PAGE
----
The 20,000-patient trial followed patients with both major and minor strokes for four years. It found that the two medications “are exactly the same” in terms of secondary prevention, Dr. Josephson said.

Each medication has pros and cons, he noted. Aggrenox has several complicating factors, including severe headaches in many patients; a slightly higher rate of hemorrhage compared with Plavix in the PRoFESS trial; and the fact that the drug can’t be crushed and placed in feeding tubes for dysphasic patients.

Plavix, however, isn’t popular with surgeons, who worry that it may cause excess bleeding during certain surgeries. That may make it the wrong choice for patients having surgical procedures “such as cardiac revascularization “following a stroke or TIA.

Guidelines still recommend against using the two medications together, Dr. Josephson noted, or in combination with aspirin. And when patients have a stroke while taking one of the two antiplatelets, should you switch them to the other? “We have absolutely no idea,” Dr. Josephson said, although that’s what he tends to do. “There’s no right answer. But the wrong answer is probably to switch them to anticoagulation, given the evidence for antiplatelets in secondary stroke prevention.”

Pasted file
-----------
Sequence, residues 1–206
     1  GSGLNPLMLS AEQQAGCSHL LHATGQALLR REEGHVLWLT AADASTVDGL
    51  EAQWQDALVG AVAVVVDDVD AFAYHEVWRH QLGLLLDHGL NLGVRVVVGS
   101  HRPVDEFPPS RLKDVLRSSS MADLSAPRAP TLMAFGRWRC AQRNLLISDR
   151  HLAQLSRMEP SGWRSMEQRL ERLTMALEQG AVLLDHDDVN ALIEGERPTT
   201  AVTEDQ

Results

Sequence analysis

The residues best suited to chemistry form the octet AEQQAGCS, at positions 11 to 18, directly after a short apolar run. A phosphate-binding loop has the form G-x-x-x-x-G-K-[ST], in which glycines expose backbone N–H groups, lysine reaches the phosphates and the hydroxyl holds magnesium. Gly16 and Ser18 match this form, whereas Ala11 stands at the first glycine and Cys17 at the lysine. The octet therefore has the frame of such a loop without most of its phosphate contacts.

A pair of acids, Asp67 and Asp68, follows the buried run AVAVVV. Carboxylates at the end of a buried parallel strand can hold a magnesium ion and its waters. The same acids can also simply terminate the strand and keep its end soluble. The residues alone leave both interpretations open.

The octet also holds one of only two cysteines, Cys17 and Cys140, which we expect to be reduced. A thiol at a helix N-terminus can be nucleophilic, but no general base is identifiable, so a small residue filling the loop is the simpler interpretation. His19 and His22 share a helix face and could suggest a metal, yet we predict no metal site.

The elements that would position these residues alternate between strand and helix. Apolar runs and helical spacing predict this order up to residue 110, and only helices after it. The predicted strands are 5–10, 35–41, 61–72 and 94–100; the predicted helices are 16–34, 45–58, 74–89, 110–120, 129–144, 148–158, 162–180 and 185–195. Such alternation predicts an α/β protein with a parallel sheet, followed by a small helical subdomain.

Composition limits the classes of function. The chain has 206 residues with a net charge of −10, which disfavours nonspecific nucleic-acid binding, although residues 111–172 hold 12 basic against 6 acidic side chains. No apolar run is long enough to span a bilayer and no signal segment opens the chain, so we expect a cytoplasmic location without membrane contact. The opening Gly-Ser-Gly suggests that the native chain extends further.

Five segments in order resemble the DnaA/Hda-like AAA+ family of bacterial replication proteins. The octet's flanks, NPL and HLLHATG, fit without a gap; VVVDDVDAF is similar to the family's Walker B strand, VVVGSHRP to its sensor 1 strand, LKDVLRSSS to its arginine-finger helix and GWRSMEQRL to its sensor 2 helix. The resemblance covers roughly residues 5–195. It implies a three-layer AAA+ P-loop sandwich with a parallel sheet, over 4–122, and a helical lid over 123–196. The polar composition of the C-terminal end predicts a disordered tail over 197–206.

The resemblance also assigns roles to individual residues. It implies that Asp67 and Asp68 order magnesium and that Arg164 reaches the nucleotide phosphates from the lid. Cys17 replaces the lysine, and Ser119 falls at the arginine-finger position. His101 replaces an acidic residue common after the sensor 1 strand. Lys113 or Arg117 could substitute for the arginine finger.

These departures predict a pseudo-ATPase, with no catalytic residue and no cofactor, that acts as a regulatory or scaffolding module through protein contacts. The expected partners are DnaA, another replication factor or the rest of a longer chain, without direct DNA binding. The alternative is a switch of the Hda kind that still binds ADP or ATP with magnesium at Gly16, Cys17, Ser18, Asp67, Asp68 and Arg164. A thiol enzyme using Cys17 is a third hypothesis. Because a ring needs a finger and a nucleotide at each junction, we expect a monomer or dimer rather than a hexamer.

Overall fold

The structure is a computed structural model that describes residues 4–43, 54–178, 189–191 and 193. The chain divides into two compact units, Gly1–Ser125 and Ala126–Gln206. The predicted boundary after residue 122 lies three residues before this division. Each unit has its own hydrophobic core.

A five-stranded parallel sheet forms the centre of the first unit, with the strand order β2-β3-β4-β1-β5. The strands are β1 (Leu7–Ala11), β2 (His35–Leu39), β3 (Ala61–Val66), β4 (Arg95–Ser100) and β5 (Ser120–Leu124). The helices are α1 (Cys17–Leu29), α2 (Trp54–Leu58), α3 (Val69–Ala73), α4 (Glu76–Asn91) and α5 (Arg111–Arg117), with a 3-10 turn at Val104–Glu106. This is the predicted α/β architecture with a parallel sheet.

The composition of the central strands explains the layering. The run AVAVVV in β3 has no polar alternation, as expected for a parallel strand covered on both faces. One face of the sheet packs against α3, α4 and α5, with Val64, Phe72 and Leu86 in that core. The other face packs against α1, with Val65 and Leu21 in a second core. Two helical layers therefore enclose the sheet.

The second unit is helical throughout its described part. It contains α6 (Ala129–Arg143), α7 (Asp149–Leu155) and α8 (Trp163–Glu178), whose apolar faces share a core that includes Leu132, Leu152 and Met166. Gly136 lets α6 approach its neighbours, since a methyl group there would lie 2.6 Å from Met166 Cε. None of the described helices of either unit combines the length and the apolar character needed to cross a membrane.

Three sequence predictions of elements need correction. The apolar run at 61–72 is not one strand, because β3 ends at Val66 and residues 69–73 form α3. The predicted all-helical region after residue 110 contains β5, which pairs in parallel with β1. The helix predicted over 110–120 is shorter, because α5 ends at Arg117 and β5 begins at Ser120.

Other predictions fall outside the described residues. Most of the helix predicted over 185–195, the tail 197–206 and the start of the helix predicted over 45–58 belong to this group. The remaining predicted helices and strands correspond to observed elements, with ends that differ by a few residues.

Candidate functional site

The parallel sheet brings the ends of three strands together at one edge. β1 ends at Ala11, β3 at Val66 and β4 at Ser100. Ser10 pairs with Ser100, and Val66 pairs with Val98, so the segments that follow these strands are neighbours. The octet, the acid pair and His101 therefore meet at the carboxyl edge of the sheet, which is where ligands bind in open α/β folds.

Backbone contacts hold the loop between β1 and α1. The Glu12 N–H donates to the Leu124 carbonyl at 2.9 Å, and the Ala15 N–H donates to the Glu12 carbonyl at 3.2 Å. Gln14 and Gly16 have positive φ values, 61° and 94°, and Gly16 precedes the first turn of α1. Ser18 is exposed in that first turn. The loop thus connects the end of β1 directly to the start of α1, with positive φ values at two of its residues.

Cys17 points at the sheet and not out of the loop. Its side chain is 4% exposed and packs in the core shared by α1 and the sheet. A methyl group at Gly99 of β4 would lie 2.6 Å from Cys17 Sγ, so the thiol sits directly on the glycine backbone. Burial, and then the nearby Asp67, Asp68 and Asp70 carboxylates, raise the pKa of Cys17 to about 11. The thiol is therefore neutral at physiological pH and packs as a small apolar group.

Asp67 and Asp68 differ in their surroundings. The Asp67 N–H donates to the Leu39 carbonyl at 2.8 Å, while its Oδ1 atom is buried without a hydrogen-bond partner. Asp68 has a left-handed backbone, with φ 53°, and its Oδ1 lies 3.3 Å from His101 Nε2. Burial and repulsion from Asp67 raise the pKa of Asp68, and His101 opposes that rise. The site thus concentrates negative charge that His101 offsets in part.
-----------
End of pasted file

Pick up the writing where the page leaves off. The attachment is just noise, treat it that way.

Statins, stents
Today, most stroke patients should be put on high-dose statin therapy, Dr. Josephson pointed out. He cited the SPARCL trial, published in the Aug. 10, 2006, NEJM, in which 80 mg of atorvastatin effectively prevented a second event in stroke and TIA patients with an LDL greater than 100 mg/dL over a five-year period.